./manage_builder.sh build_all_MyProject


./manage_builder.sh build_all_actpack

The projects will use the build-all/ folder as a temporary build folder. After each successful build, the hex file will be renamed and moved to hex/BuildAllTemp. The build-all/ folder will be wiped, then the next project will be built. If you start with an empty hex/BuildAllTemp/ folder and you call build_all_actpack you'll end up with:

Another useful script is

./manage_builder.sh build_all

This one calls all the build_all_MyProject scripts sequentially. After running it you'll have:

It is a very useful tool to make sure that your code changes did not break other projects. Please note that this will take minutes to run.

Batch build - CLion

Not tested yet, but technically you can configure CLion to run your own bash script. If this is useful to you reach out to me and I'll test.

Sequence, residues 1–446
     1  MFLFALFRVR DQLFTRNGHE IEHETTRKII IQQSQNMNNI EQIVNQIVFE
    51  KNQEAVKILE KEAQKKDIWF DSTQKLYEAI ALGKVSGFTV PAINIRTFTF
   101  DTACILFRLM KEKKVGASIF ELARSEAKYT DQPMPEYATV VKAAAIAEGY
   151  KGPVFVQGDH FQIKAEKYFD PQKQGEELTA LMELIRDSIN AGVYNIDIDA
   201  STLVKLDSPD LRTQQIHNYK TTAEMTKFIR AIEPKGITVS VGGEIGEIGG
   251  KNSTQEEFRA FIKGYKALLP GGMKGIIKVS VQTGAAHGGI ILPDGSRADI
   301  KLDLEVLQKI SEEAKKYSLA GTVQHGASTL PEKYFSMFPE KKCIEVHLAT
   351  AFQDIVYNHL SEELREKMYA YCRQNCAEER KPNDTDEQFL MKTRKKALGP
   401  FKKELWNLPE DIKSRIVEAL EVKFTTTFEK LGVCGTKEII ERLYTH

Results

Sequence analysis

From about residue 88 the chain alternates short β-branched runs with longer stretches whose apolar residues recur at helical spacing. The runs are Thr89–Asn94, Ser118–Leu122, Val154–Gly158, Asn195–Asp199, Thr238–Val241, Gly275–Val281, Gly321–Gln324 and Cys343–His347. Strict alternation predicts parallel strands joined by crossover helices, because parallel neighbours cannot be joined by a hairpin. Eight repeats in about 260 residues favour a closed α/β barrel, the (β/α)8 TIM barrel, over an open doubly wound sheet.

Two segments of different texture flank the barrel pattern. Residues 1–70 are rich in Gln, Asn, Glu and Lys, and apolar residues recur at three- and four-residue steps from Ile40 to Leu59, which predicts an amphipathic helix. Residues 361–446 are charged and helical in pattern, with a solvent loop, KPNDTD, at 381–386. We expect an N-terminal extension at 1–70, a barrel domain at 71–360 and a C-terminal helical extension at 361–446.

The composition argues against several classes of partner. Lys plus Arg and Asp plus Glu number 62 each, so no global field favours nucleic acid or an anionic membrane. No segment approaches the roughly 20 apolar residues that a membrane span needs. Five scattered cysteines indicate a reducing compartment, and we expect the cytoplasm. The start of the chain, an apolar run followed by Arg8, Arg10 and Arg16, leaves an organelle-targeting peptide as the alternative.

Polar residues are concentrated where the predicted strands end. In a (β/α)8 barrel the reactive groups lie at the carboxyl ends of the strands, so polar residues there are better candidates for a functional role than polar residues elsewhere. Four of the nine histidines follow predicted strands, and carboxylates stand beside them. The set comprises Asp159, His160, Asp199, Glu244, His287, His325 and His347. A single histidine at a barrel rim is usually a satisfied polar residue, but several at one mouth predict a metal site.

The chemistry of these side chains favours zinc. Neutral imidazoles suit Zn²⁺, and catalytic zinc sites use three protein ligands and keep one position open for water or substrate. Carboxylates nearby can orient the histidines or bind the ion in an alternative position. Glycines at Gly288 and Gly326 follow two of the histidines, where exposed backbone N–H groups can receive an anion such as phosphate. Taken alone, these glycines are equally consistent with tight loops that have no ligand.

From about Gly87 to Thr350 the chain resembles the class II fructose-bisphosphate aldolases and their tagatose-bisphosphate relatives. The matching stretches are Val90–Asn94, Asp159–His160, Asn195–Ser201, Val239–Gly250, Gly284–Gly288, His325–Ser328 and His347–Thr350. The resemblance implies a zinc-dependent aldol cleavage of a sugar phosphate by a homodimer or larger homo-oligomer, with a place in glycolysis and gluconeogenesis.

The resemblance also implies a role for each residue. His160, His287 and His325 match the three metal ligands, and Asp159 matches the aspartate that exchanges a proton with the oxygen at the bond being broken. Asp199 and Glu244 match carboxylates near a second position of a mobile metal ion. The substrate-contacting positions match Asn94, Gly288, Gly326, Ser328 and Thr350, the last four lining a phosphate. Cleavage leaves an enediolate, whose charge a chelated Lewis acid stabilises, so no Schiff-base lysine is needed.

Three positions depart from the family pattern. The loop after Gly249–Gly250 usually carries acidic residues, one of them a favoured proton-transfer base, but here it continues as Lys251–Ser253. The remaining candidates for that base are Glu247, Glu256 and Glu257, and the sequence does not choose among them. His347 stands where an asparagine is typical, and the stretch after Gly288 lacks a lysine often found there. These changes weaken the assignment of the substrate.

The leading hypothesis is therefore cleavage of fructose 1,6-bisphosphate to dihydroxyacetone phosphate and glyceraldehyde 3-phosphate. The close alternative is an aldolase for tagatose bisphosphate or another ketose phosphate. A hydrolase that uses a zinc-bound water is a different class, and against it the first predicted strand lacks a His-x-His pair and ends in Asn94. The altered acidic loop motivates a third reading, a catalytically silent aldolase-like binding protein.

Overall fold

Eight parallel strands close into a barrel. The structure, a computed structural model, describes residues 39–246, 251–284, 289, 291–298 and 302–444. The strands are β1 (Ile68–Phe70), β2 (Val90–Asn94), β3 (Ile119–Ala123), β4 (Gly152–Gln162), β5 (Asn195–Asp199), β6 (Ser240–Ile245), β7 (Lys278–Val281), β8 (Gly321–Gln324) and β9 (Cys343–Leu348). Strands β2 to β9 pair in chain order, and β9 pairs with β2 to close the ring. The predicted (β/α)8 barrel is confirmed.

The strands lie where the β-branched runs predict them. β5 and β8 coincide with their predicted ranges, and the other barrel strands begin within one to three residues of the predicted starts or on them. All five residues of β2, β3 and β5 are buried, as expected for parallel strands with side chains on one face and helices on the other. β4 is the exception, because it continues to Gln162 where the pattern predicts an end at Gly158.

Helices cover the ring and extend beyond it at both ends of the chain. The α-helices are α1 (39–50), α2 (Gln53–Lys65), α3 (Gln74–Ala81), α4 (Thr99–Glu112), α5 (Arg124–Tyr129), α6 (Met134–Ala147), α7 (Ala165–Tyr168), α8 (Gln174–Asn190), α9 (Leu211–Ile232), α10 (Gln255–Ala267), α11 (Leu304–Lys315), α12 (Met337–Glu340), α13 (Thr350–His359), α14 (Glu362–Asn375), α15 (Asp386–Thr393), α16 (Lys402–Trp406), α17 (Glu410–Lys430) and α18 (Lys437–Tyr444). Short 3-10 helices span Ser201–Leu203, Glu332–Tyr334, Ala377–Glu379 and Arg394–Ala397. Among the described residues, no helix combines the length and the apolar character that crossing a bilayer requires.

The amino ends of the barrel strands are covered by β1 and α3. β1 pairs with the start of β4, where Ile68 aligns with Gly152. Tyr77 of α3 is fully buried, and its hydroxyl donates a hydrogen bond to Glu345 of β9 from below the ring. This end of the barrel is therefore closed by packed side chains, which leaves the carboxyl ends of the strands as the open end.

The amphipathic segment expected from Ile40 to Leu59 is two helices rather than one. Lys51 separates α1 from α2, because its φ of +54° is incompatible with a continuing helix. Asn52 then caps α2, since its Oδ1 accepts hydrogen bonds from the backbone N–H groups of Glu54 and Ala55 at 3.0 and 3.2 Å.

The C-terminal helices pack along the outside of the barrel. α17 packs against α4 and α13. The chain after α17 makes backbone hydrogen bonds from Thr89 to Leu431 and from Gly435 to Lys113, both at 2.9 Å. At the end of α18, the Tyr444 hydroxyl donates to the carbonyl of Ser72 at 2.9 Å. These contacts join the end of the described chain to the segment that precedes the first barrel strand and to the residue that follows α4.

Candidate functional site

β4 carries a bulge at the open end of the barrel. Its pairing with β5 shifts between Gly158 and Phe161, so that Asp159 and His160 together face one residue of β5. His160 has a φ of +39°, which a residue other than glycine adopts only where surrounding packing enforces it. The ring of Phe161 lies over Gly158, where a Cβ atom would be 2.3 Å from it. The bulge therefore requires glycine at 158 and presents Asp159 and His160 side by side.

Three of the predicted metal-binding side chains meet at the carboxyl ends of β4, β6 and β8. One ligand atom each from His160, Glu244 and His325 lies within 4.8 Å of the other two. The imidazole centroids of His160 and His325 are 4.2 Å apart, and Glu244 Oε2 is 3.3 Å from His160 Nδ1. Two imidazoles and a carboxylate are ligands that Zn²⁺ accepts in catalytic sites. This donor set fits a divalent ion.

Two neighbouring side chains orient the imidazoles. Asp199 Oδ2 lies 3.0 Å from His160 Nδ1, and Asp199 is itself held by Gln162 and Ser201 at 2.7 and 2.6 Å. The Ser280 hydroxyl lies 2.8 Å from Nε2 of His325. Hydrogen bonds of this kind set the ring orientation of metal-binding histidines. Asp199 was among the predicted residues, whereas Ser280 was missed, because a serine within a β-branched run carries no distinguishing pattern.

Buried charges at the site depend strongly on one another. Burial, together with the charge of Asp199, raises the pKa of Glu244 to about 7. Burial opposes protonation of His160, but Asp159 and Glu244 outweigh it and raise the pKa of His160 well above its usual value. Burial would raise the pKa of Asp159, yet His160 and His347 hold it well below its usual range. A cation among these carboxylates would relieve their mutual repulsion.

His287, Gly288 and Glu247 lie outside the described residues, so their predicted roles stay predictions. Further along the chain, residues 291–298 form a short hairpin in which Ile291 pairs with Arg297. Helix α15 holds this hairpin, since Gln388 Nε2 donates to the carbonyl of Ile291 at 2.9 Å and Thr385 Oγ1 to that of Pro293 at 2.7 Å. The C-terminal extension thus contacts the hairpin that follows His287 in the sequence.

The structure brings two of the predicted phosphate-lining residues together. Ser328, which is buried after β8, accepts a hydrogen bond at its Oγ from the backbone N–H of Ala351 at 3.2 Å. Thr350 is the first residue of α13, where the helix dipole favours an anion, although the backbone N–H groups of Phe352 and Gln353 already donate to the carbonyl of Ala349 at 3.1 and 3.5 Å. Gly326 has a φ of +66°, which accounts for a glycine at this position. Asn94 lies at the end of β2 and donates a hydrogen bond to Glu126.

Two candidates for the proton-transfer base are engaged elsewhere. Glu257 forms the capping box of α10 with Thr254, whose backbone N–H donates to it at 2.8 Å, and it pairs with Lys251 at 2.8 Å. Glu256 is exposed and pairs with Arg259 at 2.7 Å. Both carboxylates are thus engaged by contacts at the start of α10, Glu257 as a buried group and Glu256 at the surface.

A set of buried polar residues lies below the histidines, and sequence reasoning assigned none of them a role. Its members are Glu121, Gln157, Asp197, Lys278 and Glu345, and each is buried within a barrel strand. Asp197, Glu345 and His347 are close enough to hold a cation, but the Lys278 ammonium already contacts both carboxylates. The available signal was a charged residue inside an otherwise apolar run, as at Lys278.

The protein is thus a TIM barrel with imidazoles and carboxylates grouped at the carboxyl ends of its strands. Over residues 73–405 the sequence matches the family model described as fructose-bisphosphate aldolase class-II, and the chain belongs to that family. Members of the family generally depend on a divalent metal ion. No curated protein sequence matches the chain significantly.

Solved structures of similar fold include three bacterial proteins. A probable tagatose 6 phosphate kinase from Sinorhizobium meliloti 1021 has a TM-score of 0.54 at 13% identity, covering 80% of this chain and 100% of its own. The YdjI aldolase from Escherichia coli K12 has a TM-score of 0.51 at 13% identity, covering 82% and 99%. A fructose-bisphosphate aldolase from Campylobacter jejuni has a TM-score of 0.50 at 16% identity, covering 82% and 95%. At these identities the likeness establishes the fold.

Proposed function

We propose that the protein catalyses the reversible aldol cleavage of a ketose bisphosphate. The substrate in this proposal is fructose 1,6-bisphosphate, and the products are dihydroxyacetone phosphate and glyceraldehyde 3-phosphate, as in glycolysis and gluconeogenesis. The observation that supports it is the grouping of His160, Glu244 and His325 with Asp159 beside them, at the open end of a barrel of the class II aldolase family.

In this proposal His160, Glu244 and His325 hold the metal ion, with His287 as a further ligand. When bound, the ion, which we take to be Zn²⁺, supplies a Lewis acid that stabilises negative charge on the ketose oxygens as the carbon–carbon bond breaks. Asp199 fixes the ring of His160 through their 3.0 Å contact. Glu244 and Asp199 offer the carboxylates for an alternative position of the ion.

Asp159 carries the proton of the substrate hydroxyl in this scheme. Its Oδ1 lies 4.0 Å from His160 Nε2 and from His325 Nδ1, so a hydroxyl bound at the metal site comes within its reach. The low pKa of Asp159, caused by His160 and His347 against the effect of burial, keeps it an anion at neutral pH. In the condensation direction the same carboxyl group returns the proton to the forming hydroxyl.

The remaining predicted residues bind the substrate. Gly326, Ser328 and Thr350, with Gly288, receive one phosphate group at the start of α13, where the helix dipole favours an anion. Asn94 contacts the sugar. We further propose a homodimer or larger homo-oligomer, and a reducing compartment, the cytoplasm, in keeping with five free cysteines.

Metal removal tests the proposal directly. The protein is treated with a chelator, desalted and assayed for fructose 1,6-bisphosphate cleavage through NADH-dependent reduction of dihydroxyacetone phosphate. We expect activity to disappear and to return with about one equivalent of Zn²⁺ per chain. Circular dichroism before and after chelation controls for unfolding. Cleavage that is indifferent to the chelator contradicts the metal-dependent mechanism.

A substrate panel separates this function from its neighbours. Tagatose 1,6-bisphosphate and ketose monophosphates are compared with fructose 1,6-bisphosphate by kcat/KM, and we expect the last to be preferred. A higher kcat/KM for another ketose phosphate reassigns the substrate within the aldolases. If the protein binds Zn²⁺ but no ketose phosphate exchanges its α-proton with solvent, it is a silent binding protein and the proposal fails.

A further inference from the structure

Build Type

To compile you need to specify the Build Type. When using the command line, open the script with a text editor and search for DCMAKE_BUILD_TYPE inside and pick up any build type from the list below.

  • Debug
  • Release
  • RelWithDebInfo
  • MinSizeRel

Due to a known issue, if you are using GCC7 Release as build type is not recommended. It is known to cause major boot issues. Instead of Release, select either RelWithDebInfo or MinSizeRel for DCMAKE_BUILD_TYPE. The same issue exists in CLion: use Debug if you are debugging, or RelWithDebInfo when you want to maximize performance. With GCC 10 you can use Release.

manage/build_system.txt · Last modified: 2021/02/24 21:13 by jfduval